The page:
We made this twice in two weeks, which is generally a good indication of a pretty awesome recipe. It's nice and light and slightly spicy. The leftovers are particularly good with cold steak, if you happen to have some in the fridge. We did make a trip to the Japanese grocery store for the daikon, but everything else should be easily found at your usual place.
Asian slaw (original recipe from here, serves 6 if it has a starring role in your meal, 8 - 10 if it's part of a bigger spread)
6 cups thinly sliced savoy cabbage (or napa cabbage - I actually prefer napa)
1 cup coarsely grated peeled carrots
1 cup coarsely grated peeled daikon radish
1 large red bell pepper, cut into 2x1/3-inch strips (we cut ours smaller)
1/2 cup chopped fresh mint
1/2 cup chopped fresh cilantro
4 green onions, sliced
7 tablespoons seasoned rice vinegar
2 tablespoons Asian sesame oil
2 tablespoons vegetable oil
2 serrano chiles, seeded, minced
:: If you have a mandoline (I have this simple one
and it works perfectly), this is a great time to bust it out. The julienne blade will make quick work of the carrots and daikon. Everything else is more easily cut by hand.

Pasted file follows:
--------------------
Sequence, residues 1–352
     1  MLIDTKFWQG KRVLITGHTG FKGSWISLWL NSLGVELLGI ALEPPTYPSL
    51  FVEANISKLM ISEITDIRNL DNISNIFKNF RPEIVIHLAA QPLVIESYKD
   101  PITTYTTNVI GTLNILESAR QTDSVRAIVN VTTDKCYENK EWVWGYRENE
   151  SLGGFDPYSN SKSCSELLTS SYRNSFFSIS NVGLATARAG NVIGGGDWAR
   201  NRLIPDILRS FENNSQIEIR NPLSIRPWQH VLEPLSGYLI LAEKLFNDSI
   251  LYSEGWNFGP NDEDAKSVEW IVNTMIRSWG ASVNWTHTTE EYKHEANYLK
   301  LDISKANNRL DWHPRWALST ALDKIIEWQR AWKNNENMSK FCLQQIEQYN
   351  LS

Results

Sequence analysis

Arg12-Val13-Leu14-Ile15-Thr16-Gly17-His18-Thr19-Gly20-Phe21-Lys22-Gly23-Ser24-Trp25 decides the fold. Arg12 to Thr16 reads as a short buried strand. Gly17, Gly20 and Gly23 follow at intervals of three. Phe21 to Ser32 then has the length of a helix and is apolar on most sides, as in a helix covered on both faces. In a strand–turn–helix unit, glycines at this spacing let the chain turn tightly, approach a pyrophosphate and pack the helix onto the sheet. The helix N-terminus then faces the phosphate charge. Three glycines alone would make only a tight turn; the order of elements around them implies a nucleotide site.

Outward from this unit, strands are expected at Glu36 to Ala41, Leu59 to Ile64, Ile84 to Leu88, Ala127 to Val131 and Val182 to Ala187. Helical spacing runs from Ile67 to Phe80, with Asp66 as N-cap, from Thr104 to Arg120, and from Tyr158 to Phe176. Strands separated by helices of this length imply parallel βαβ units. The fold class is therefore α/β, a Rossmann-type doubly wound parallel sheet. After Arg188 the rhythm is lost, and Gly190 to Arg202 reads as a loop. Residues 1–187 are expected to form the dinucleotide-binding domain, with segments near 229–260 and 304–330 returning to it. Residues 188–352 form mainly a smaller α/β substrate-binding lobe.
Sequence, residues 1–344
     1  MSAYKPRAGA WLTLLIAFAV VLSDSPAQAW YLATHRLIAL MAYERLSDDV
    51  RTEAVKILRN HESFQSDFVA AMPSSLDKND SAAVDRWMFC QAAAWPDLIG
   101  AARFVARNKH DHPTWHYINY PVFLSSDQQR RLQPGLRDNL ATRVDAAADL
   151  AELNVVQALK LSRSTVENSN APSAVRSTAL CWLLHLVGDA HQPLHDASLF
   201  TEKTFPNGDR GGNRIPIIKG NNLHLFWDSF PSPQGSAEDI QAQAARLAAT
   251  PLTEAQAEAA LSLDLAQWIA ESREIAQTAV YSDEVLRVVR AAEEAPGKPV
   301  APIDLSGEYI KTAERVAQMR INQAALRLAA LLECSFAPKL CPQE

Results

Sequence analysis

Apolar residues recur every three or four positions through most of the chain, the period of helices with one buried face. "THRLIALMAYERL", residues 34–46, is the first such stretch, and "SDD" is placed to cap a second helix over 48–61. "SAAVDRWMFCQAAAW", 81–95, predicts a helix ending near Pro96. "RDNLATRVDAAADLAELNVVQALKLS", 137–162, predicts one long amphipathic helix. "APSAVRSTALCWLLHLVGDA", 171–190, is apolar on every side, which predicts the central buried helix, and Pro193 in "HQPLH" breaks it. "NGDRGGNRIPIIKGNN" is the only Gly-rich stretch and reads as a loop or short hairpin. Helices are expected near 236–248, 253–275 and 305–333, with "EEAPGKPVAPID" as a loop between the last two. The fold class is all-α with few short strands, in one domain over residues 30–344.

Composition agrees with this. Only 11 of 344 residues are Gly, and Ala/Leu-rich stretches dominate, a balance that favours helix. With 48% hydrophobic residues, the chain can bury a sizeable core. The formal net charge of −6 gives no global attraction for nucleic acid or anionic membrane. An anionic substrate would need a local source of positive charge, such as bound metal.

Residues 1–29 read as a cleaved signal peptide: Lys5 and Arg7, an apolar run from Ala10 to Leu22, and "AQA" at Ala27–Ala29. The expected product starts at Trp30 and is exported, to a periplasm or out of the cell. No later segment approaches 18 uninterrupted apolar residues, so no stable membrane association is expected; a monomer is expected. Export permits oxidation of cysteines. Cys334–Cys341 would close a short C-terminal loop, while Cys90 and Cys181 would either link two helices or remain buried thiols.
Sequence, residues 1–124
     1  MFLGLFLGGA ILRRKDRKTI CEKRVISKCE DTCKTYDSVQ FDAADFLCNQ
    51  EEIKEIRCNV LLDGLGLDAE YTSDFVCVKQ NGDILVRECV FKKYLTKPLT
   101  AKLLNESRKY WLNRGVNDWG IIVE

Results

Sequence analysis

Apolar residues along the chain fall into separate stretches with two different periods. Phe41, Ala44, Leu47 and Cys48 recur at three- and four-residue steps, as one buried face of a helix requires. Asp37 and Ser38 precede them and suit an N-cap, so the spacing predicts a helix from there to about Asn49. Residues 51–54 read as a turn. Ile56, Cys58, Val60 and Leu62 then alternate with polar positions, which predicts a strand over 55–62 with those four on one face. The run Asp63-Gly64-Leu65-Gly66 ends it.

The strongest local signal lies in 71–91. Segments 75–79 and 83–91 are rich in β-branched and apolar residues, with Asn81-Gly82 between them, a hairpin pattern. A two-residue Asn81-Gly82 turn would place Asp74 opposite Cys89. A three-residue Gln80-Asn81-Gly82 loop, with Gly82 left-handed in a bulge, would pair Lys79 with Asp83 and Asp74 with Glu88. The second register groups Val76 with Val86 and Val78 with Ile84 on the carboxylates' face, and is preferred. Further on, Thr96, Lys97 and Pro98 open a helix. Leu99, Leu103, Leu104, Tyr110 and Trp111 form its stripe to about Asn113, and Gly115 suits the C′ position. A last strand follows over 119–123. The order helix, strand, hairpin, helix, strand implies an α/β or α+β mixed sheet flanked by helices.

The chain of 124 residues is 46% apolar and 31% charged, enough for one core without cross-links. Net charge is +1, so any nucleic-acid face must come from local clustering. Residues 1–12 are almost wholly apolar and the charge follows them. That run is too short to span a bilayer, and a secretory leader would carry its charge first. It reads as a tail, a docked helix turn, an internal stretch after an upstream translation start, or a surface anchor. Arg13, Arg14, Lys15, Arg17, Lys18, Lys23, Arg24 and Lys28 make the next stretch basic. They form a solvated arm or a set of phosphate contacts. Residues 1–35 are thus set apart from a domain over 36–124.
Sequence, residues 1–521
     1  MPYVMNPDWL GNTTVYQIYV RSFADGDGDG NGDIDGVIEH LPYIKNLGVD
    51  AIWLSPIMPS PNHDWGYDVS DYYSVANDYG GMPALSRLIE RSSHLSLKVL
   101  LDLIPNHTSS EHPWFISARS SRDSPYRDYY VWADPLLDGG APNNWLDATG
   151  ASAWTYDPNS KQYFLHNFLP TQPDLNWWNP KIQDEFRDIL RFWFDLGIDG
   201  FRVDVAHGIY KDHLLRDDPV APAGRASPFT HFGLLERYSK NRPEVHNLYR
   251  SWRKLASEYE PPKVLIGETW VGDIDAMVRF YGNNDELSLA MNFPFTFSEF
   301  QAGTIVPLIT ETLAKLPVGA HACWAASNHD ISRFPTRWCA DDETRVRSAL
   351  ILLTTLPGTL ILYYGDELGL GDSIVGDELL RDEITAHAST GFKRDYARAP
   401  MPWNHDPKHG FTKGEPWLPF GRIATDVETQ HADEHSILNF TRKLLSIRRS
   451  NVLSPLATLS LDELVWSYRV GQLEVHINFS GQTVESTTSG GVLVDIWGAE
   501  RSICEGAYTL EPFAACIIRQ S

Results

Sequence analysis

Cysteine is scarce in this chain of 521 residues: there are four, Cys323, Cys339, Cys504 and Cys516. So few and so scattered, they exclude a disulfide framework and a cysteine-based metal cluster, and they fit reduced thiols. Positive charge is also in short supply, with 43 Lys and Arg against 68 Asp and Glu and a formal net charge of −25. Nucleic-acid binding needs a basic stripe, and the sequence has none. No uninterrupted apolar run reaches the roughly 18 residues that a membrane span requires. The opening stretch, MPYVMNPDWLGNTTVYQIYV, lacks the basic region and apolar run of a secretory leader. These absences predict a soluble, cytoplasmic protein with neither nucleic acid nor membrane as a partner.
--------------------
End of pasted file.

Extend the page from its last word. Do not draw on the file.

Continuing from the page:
:: Once you have everything cut, combine the first 7 ingredients in large bowl. If you aren't going to eat the slaw soon, cover the bowl and stick it in the fridge.
:: Whisk vinegar, sesame oil, vegetable oil, and chiles in medium bowl. Season dressing to taste with salt (I used about 1 teaspoon of fine sea salt, I believe) and pepper. If you're taking the salad to go, just put all your dressing ingredients in a glass jar and shake it up when you get there.
:: Drizzle dressing over salad and toss to coat evenly. Don't use all the dressing right away! The first time we made this, we used all the dressing and it was perfect. The second time we used all the dressing and it ended up a bit overdressed. I would recommend starting out with half the dressing and then adding more to taste.
If you've never used daikon or napa cabbage before, you might want to do a quick image search so that you know what to look for when you get to the store. Daikon doesn't look like your usual radishes and it has a very different flavor so you wouldn't want to substitute.